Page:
Independence of the Law of Finite Chains Between Events in the Combined Ordering[edit]

However, [Clinger 1981] surprisingly proved that the Law of Finite Chains Between Events in the Combined Ordering is independent of the previous laws, i.e.,

Theorem. The Law of Finite Chains Between Events in the Combined Ordering does not follow from the previously stated laws.

Proof. It is sufficient to show that there is an Actor computation that satisfies the previously stated laws but violates the Law of Finite Chains Between Events in the Combined Ordering.

Consider a computation which begins when an actor Initial is sent a Start message causing it to take the following actions
  1. Create a new actor Greeter1 which is sent the message SayHelloTo with the address of Greeter1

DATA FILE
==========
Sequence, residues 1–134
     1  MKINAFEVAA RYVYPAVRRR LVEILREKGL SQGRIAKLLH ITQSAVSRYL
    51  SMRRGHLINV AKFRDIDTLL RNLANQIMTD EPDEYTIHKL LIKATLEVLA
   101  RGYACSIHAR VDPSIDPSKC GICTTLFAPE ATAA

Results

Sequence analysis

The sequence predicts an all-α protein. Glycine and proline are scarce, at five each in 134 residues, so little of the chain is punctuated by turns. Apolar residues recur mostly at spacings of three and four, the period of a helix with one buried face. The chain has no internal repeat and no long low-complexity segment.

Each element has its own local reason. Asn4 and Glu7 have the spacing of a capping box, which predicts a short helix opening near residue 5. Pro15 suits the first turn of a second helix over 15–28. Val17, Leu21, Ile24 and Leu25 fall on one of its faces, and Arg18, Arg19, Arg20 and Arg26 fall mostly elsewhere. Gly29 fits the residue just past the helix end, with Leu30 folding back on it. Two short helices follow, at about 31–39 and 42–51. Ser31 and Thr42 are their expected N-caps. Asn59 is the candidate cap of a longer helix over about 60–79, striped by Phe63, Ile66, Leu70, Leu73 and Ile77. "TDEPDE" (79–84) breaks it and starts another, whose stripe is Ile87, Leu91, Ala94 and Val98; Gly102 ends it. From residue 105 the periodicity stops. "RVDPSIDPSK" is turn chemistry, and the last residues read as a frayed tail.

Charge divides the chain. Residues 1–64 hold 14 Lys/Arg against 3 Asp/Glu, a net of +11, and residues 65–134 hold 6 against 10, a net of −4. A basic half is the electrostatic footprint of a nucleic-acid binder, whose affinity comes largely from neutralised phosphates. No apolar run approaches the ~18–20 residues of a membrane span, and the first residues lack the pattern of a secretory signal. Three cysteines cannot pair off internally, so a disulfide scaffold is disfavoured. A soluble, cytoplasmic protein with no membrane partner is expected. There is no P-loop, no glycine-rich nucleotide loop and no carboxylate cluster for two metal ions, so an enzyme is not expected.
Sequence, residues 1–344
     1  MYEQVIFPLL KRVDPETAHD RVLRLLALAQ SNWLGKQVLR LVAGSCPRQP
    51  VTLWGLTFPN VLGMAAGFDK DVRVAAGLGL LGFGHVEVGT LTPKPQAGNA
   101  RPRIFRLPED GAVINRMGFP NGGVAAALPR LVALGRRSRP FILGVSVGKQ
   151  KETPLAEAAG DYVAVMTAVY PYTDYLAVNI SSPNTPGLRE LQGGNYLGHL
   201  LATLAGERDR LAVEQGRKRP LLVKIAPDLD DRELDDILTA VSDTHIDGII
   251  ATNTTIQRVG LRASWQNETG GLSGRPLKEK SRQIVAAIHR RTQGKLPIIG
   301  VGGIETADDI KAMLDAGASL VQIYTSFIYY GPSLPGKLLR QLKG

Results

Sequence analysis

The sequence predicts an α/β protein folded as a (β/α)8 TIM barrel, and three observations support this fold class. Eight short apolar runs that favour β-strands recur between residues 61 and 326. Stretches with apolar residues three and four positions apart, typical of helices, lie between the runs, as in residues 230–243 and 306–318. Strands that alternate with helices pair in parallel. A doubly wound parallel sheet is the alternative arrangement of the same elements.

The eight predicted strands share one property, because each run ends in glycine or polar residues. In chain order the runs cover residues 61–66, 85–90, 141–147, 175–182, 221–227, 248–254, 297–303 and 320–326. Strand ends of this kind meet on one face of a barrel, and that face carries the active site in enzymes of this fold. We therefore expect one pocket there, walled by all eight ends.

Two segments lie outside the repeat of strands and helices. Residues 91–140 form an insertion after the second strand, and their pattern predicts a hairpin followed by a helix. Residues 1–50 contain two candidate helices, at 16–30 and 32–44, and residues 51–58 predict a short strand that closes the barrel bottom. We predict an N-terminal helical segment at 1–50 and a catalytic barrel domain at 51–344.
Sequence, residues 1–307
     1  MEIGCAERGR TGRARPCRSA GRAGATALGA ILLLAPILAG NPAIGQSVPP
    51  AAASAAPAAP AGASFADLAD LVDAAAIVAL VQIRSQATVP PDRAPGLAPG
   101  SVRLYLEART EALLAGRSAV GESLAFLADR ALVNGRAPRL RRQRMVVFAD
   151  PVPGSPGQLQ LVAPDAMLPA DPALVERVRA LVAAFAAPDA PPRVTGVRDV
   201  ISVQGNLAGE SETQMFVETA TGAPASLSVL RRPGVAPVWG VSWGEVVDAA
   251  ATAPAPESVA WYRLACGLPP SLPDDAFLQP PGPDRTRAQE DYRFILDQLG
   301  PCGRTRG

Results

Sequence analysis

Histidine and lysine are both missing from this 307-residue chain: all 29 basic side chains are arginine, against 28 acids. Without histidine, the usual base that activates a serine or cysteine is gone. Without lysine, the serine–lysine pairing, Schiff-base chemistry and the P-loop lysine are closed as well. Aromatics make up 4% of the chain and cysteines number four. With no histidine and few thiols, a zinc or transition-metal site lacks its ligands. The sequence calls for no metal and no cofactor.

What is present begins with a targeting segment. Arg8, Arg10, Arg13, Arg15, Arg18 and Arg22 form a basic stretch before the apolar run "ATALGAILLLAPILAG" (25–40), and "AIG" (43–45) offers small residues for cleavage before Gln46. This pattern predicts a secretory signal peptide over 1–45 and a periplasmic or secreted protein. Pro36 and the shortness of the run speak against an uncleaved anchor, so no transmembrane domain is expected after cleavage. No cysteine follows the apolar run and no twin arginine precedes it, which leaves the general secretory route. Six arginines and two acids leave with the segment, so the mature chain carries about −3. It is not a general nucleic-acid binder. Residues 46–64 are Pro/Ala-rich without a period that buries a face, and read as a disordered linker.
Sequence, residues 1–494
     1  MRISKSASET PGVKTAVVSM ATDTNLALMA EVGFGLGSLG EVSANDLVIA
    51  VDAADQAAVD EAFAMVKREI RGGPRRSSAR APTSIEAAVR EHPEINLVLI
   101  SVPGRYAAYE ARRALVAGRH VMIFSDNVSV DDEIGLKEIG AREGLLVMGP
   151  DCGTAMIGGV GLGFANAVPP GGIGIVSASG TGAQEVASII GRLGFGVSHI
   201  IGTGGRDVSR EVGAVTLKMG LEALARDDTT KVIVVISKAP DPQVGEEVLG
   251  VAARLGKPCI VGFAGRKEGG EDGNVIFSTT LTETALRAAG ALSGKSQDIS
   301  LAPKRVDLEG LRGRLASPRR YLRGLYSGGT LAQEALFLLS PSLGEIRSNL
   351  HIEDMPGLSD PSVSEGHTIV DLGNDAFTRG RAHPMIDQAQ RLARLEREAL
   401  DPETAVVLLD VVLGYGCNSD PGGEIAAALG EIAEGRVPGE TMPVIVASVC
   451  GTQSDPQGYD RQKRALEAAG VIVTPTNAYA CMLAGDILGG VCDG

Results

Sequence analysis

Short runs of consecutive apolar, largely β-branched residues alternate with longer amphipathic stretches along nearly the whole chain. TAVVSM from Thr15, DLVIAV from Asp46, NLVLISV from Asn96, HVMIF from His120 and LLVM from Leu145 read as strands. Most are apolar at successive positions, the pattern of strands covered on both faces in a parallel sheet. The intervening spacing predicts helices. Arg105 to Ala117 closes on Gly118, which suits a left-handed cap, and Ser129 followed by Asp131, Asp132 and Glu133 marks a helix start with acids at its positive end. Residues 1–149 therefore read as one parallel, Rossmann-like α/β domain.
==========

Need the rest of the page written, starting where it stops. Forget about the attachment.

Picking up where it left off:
2. Send Initial the message Again with the address of Greeter1
Thereafter the behavior of Initial is as follows on receipt of an Again message with address Greeteri (which we will call the event Againi):
  1. Create a new actor Greeteri+1 which is sent the message SayHelloTo with address Greeteri
  2. Send Initial the message Again with the address of Greeteri+1
Obviously the computation of Initial sending itself Again messages never terminates.
The behavior of each Actor Greeteri is as follows:
  • When it receives a message SayHelloTo with address Greeteri-1 (which we will call the event SayHelloToi), it sends a Hello message to Greeteri-1
  • When it receives a Hello message (which we will call the event Helloi), it does nothing.
Now it is possible that Helloi -GreeteriSayHelloToi every time and therefore HelloiSayHelloToi.
Also Againi -≈→ Againi+1 every time and therefore AgainiAgaini+1.
Furthermore all of the laws stated before the Law of Strict Causality for the Combined Ordering are satisfied.